Embryos and larvae of the African catfish Clarias gariepinus excrete significant quantities of urea. The present study focused on the potential urea-generating pathways during early development of this teleost; uricolysis, argininolysis and the ornithine–urea cycle (OUC). Uricase, allantoinase, allantoicase and ureidoglycollate lyase of the uricolytic pathway were expressed in all early life stages and in adult liver of C. gariepinus. Uricase activity increased in starved larvae compared with yolk-sac larvae. The key regulatory enzyme of the teleost OUC, carbamoyl phosphate synthetase III (CPSase III), was expressed predominantly in muscle of developing C. gariepinus larvae and showed negligible activity in the absence of its allosteric effector N-acetyl-l-glutamate. CPSase III and ornithine carbamoyl transferase activities increased in fed larvae compared with starved larvae. In contrast to the early developmental stages, adult C. gariepinus expressed only low and variable levels of CPSase III, suggesting that, under the experimental conditions employed, OUC expression is influenced by developmental stage in this species. The data indicate that early C. gariepinus life stages express the enzymes necessary for urea production by uricolysis, argininolysis and the OUC, and this may explain why urea tissue levels and urea excretion rates are substantial during the early development of this air-breathing teleost.
Urea rarely constitutes more than 10–20% of the total nitrogen excreted by teleosts (Wood, 1993), except in a few species such as the Lake Magadi tilapia Oreochromis alcalicus grahami (Randall et al., 1989). In early teleost life stages, however, urea may be a more important end-product of nitrogen metabolism, as shown for Zoarces viviparous (Korsgaard, 1994) and the Atlantic cod (Gadus morhua, Chadwick and Wright, 1999). During early development of the African catfish Clarias gariepinus, urea constitutes 62% of the total nitrogen excreted (as ammonia-N + urea-N) in embryos, 20% during yolk-sac and starved larval stages, and 44% after metamorphosis in fed larvae (Terjesen et al., 1997). In contrast, immersed adult C. gariepinus (Eddy et al., 1980) and C. batrachus (Saha and Ratha, 1989) excrete less urea, accounting for 13% and 15% of total nitrogen excreted, respectively. The African catfish is an air-breathing teleost tolerant to wide fluctuations in water availability and temperature (Donnely, 1973). Spawning occurs shortly after heavy rainfall, and the embryos are deposited in a few centimetres of water on vegetation in temporarily flooded areas (Greenwood, 1955; Bruton, 1979).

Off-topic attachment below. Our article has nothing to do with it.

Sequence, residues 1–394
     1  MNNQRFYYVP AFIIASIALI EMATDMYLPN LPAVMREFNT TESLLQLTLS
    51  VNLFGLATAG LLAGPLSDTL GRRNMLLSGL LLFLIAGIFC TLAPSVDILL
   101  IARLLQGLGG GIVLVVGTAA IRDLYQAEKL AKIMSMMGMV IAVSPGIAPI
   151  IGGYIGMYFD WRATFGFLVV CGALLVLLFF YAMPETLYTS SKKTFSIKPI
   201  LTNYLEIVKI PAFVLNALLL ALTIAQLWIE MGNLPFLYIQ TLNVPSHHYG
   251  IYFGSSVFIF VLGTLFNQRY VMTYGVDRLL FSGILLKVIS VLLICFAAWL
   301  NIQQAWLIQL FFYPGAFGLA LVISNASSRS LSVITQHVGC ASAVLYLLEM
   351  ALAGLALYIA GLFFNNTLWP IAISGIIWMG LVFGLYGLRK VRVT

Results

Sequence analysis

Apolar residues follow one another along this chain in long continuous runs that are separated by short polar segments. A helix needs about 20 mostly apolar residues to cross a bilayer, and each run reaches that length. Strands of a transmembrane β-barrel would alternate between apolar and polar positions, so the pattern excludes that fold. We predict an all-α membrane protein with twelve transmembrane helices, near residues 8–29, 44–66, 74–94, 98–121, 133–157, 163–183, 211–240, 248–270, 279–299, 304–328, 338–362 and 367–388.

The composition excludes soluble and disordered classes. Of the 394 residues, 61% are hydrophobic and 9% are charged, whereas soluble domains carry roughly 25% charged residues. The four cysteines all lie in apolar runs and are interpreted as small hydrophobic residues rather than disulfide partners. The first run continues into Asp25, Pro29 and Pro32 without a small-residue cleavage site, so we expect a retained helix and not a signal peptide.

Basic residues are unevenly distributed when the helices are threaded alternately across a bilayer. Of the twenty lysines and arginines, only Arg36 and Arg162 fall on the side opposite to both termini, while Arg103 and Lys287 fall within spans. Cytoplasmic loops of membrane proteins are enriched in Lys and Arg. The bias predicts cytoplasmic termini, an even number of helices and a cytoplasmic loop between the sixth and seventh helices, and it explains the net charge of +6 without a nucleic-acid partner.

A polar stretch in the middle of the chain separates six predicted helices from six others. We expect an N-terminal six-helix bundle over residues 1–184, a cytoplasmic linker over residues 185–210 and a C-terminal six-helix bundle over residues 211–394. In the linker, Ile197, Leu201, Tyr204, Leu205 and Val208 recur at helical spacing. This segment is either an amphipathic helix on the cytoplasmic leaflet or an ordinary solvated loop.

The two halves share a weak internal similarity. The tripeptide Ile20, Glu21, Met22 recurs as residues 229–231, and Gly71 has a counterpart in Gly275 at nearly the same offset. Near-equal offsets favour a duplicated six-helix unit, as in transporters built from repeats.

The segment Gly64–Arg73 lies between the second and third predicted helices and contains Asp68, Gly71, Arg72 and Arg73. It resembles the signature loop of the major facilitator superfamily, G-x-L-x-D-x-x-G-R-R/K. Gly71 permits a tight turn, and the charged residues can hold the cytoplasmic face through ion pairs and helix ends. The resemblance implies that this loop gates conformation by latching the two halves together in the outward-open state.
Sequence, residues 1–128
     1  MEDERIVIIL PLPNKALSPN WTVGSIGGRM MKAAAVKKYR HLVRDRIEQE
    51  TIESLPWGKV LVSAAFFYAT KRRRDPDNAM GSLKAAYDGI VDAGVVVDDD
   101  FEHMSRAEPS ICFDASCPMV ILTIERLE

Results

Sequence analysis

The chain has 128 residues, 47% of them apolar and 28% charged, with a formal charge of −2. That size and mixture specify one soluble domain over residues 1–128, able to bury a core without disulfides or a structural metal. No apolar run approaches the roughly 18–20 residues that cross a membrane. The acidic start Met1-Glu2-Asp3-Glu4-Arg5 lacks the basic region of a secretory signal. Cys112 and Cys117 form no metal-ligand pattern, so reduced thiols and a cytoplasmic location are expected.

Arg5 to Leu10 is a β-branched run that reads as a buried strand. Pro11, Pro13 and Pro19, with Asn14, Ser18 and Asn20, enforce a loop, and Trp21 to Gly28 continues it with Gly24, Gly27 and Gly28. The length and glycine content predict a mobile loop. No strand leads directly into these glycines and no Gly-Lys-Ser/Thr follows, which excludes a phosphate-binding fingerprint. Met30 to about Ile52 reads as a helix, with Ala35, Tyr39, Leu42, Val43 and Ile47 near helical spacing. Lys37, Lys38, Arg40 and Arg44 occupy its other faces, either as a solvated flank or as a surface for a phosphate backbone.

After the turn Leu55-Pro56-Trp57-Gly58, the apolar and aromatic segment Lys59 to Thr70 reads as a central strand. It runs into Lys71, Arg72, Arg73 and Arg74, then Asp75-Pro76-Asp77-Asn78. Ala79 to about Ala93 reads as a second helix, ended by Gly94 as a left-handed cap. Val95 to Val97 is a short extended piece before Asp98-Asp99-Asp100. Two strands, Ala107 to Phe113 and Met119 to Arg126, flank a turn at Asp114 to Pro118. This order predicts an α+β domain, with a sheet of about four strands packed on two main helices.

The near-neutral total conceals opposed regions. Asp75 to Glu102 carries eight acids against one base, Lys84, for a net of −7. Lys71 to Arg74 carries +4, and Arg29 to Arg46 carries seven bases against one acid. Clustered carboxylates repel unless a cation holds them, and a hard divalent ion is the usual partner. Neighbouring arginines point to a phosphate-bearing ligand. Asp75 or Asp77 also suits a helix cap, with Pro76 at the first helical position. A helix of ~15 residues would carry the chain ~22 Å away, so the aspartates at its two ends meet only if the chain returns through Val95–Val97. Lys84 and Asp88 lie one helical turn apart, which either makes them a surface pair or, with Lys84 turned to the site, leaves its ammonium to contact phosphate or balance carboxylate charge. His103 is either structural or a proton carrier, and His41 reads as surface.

Three pathways may be responsible for urea production in teleosts: hydrolysis of arginine (argininolysis), catabolism of uric acid (uricolysis) and the ornithine–urea cycle (OUC). Arginine from the diet or from protein turnover is hydrolyzed by the enzyme arginase (Wood, 1993). On the basis of arginine depletion rates in C. gariepinus yolk-sac and starved larvae in vivo, Terjesen et al. (Terjesen et al., 1997) showed that argininolysis could account for approximately one-third of the urea excreted, suggesting that other pathway(s) for urea synthesis were also functional.